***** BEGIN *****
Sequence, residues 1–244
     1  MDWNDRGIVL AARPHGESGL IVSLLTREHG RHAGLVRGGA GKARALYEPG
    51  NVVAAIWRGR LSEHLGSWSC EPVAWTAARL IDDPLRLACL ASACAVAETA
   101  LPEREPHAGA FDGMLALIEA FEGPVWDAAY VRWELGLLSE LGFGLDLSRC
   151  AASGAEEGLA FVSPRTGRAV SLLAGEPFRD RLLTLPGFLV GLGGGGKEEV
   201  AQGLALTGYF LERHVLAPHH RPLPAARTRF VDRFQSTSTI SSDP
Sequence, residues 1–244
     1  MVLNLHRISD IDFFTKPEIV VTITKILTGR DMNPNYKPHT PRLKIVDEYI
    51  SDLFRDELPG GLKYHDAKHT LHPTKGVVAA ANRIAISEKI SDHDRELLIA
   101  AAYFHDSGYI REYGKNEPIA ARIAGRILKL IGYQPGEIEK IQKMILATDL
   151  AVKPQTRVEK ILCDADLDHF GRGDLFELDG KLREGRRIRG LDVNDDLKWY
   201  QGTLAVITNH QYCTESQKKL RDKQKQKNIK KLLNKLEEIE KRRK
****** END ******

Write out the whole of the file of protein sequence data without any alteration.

Sequence, residues 1–244
     1  MDWNDRGIVL AARPHGESGL IVSLLTREHG RHAGLVRGGA GKARALYEPG
    51  NVVAAIWRGR LSEHLGSWSC EPVAWTAARL IDDPLRLACL ASACAVAETA
   101  LPEREPHAGA FDGMLALIEA FEGPVWDAAY VRWELGLLSE LGFGLDLSRC
   151  AASGAEEGLA FVSPRTGRAV SLLAGEPFRD RLLTLPGFLV GLGGGGKEEV
   201  AQGLALTGYF LERHVLAPHH RPLPAARTRF VDRFQSTSTI SSDP
Sequence, residues 1–244
     1  MVLNLHRISD IDFFTKPEIV VTITKILTGR DMNPNYKPHT PRLKIVDEYI
    51  SDLFRDELPG GLKYHDAKHT LHPTKGVVAA ANRIAISEKI SDHDRELLIA
   101  AAYFHDSGYI REYGKNEPIA ARIAGRILKL IGYQPGEIEK IQKMILATDL
   151  AVKPQTRVEK ILCDADLDHF GRGDLFELDG KLREGRRIRG LDVNDDLKWY
   201  QGTLAVITNH QYCTESQKKL RDKQKQKNIK KLLNKLEEIE KRRK